Growing Magazine features the Northern Organic Vegetable Improvement Collaborative (NOVIC) in an article titled, “Collaborative and Organic.”
Jim Myers, professor of horticulture at Oregon State University, manages NOVIC. He listed a few advantages to the project: “I think it gives us a broad set of environments and many environments in one year for testing our breeding materials. That’s always a problem with breeders. It takes a lot of resources to run a trial. My rule of thumb is to have at least nine year-locations of data before I release a variety. That could be like three locations in three years, or one location in nine years or some combination. You need that multi-environment data to really understand how varieties behave.”
The collaborative focus on five crops gives researchers a snapshot of a variety performing in four regions of the country and multiple trials. Myers said, “We have these mother-daughter trial arrangements where we have the replicated trial on station at the hub location, and then three satellite trials on organic farms with these materials.”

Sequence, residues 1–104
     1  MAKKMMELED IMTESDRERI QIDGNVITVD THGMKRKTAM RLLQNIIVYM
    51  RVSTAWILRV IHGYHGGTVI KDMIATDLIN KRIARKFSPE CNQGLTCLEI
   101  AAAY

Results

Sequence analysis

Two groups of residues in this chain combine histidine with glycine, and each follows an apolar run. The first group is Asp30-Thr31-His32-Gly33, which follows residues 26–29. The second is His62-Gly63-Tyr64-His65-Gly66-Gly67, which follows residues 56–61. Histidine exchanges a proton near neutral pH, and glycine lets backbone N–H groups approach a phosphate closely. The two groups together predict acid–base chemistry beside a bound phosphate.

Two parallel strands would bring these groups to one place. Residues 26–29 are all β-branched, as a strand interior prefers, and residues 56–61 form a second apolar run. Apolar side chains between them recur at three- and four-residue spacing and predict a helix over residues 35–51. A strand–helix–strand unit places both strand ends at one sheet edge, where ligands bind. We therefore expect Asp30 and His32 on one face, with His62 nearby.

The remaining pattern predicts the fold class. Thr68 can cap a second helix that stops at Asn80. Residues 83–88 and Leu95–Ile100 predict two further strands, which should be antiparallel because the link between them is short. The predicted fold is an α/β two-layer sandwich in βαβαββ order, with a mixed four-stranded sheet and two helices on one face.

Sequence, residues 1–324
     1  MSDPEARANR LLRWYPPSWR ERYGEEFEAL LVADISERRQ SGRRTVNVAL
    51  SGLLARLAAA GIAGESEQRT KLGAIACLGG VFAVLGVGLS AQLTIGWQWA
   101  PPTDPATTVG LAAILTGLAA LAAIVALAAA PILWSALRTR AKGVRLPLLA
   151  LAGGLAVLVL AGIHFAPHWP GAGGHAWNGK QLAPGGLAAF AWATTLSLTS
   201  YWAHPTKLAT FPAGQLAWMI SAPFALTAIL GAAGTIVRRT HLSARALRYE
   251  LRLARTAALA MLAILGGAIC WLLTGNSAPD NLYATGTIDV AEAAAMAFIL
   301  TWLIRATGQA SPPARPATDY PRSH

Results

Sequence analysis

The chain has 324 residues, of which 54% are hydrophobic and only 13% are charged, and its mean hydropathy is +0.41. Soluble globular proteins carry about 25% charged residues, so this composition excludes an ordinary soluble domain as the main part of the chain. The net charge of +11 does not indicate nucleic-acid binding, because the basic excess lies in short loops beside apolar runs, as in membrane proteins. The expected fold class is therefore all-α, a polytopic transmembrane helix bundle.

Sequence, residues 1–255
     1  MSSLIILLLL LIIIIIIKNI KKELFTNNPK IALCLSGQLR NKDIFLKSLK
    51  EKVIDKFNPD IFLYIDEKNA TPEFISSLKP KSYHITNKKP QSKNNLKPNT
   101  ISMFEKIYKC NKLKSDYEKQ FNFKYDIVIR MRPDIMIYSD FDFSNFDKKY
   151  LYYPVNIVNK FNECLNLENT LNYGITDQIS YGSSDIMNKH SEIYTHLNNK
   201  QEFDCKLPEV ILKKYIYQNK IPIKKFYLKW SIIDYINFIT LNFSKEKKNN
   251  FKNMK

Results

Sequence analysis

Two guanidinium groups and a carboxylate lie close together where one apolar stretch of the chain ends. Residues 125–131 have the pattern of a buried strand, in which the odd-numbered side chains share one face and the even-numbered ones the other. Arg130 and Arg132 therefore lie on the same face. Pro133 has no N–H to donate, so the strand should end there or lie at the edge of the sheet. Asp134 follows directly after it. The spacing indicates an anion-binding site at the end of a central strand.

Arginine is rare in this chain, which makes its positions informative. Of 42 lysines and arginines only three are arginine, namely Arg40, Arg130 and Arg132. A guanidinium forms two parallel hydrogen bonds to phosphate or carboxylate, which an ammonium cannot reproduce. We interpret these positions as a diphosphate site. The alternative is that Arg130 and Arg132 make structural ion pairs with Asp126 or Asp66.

As a partner in NOVIC, OSA is working on a good March harvest carrot for the Pacific Northwest. We’re breeding a Nantes-type carrot at Nash Huber’s farm in Sequim, Washington. Jim Myers thinks the new carrot may work in a number of “maritime” environments, including northern California and Long Island.
Micaela Colley, OSA’s executive director and director of research and education, said: “Most research is not aimed toward fulfilling the agronomical and market needs of organic producers, so this project is unique in that it’s a collaboration of five institutions that are receiving input from organic producers on what they need in terms of qualities in vegetable crops, and then breeding in response to those needs.”